The world is becoming increasingly process-orientated. There are positive aspects to that – if you’re the pilot of a 747, the Operations Director of a nuclear power plant or a surgeon carrying out microsurgery on a vital organ, I’d feel a lot more comfortable knowing that what you do, and the order you do them in, has been designed in a reliable, dependable way.

Even though most of our daily work activities aren’t anything like as mission-critical as those examples, the business world seems determined to introduce ever-greater numbers of processes and procedures to govern every aspect of what they do.

I’m not sure that’s a good thing for a number of reasons, but in my capacity as a Finance Director and CFO what bothers me most about our process-heavy world is that this approach often turns into a really expensive way to do something simple, and can easily lead to a range of less-than-wise decisions.

There is a better way…which we’ll get there in a moment…

But first, the inspiration

This article was inspired by a tweet from the always-interesting Mark Pollard (@MarkPollard on Twitter) reporting on a conversation with Phil Adams (@Phil_Adams). Here it is:

Their conversation was specifically in the context of producing good creative work, but I’d argue this concept matters for just about everything a business does.

The maths is unarguable.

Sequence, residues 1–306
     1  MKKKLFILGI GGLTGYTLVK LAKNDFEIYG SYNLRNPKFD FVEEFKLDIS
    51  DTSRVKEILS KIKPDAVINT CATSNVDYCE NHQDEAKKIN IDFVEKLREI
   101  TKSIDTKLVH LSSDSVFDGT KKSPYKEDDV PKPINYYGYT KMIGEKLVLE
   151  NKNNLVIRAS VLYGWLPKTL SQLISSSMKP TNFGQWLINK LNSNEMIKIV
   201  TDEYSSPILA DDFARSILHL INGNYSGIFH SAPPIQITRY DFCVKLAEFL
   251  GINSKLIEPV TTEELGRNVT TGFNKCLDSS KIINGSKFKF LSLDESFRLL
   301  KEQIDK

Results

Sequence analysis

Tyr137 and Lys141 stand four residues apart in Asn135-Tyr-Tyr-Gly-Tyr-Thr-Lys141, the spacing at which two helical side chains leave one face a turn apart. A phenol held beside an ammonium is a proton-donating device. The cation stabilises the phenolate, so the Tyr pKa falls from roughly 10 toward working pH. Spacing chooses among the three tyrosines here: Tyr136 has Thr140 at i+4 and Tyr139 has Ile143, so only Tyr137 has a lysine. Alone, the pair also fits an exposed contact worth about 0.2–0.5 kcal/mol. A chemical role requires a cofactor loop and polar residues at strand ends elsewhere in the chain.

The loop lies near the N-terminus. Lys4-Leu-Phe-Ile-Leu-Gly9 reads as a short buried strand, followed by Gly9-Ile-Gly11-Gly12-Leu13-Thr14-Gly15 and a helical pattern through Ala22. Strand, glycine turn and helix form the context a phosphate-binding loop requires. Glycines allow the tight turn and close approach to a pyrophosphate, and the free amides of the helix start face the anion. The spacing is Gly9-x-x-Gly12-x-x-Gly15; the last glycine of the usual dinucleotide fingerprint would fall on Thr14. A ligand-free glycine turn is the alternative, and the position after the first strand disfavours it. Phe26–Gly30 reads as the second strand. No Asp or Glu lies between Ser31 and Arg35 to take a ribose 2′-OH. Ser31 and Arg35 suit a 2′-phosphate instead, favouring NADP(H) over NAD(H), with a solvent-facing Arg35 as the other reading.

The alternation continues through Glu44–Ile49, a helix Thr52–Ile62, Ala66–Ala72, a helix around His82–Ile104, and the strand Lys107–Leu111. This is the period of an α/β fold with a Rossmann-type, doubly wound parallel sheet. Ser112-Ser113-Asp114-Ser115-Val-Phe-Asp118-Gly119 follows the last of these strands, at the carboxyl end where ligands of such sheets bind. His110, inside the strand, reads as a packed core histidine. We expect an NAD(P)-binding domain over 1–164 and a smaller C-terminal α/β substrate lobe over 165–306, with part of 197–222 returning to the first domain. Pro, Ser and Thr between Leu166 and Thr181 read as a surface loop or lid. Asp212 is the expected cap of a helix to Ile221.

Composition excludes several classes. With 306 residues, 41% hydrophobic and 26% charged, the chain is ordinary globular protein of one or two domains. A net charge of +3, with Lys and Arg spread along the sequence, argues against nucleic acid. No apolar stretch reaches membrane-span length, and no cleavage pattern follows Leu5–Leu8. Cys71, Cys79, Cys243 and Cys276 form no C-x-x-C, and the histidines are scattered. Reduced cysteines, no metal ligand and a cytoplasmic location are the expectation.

Phil Adams points out, correctly, that even with just a 5-step process, where each step is done right 90% of the time, the likelihood of getting to a perfect answer each time is less than 60% (59.049% to be exact), assuming we’re dealing with a sequence of independent events (quick statistics primer here if you would like a refresher)..

Yet the holy grail for most large corporations is a detailed process with dozens of precisely crafted steps, each done right at least 95% of the time.

For a business process with even just 12 steps, however, each done right 95% f the time, the likelihood of everything happening exactly as planned is even less than Phil Adam’s example above. In fact, that process will only work as intended 54.04% of the time on average for a 12-step process, or not much over half.

Think about this. With a 12-step process where each step is done right 95% of the time, nearly half the time this process will go wrong somewhere along the line.

With a more complicated process, say one with twice that number of steps, you’re down to things going right less than 30% of of the time (29.2%). More than two-thirds of the time, your customers will be disappointed or something will be going wrong in your business. This will inevitably, one way or another, increase your costs.

I’ve worked for some large multinationals in my time and it was never much of a challenge to find processes 24 steps (or more) long. But even in relatively small businesses activities such as manufacturing products, responding to customer enquiries and tendering for new contracts can quite easily have two dozen steps or more to follow before reaching the right answer.